• The Slovenian word for 'comrade' is tovariš (m.) or tovarišica (f.), first attested in the 16th century. It also meant 'teacher' (as a elliptical form of the official tovariš učitelj (m.), tovarišica učiteljica (f.) 'comrade teacher'). After 1991 it rapidly fell out of use as a general term of address, but is still used when expressing comradeship among individuals.
  • In Spain, the word is compañero / compañera ("companion"); the term camarada ("companion", "friend") has also been used, but it's more associated with the communist tradition. In Spain the word "compañero" can be (and often is) used with no political connotation.
    • The standard form in Cuba is compañero / compañera, as it was in socialist Nicaragua and Chile. In some parts of Latin America, camarada is the more frequent word, except in Peru, where the term is commonly associated with Shining Path, members of the social-democrat party APRA employ compañero to refer to fellow members of the party. The term "camarada" is the more normal among Spanish Communists.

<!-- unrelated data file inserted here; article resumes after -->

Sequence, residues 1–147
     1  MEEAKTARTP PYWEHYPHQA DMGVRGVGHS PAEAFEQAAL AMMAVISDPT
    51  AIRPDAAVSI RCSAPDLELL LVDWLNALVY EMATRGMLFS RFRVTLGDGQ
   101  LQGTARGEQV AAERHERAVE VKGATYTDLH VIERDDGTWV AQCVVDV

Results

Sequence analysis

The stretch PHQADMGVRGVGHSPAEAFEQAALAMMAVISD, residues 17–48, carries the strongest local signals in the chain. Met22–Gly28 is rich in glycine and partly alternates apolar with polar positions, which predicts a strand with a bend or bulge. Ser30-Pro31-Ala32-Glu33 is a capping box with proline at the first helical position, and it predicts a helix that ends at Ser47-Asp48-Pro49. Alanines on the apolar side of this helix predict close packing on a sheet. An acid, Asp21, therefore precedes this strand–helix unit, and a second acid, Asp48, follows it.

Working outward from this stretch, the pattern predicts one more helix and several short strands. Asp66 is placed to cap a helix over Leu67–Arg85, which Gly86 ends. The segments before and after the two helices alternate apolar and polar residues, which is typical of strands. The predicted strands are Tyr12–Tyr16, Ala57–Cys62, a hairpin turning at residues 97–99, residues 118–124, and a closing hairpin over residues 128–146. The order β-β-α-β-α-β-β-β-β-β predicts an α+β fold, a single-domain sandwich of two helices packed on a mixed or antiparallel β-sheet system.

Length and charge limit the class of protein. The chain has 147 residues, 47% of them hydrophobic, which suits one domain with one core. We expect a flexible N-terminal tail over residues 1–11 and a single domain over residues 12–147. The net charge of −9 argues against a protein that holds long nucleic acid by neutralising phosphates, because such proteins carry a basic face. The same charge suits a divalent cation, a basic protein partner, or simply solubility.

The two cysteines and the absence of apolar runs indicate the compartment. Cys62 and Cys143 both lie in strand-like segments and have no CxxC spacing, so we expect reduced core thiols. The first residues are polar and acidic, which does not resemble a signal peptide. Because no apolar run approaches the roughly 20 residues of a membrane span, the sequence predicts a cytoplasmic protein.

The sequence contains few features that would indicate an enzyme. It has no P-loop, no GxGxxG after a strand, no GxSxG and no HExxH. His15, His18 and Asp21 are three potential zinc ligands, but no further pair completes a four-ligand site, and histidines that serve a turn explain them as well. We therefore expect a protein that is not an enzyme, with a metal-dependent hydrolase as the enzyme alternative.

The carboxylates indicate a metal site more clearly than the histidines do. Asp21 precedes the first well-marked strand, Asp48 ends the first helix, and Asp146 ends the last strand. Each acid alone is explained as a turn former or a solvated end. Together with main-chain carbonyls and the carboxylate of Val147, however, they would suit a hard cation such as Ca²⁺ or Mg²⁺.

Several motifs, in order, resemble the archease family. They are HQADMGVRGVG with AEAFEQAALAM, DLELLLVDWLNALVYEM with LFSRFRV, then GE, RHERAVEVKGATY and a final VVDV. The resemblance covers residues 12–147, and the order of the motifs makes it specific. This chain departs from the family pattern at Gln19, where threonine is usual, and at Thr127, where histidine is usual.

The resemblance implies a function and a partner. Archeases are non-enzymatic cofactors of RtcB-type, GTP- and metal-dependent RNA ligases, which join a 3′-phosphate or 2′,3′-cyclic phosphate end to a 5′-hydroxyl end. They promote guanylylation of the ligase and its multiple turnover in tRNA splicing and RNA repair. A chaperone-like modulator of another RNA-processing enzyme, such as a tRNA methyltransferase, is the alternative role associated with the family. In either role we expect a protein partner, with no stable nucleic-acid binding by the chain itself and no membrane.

• In Sinhala, the word is මිත්‍රයා/සහෝදරයා
  • In Swahili, the equivalent word is ndugu for brother-in-arms, or dada for a female comrade. The word ndugu is still used in formerly socialist Tanzania as a way of showing (political) solidarity.
  • The Swedish word is spelled Kamrat. Although it can be associated with communist lingo, it may just as well be used to refer to a friend, a co-worker (arbetskamrat) or a classmate in school (klasskamrat or skolkamrat). Unlike in Norwegian, the term is commonly used for both boys and girls in non-communist usage.
  • The Tamil word for comrade is Thozhare (தோழரே) and is a regular word for 'friend'.
  • The Thai word sahai (สหาย) was used in the communist movement.
  • The Turkish word Yoldaş (literally co-traveller) has become used within the communist movement. In the climate of harsh anticommunist repression the word largely disappeared from common usage.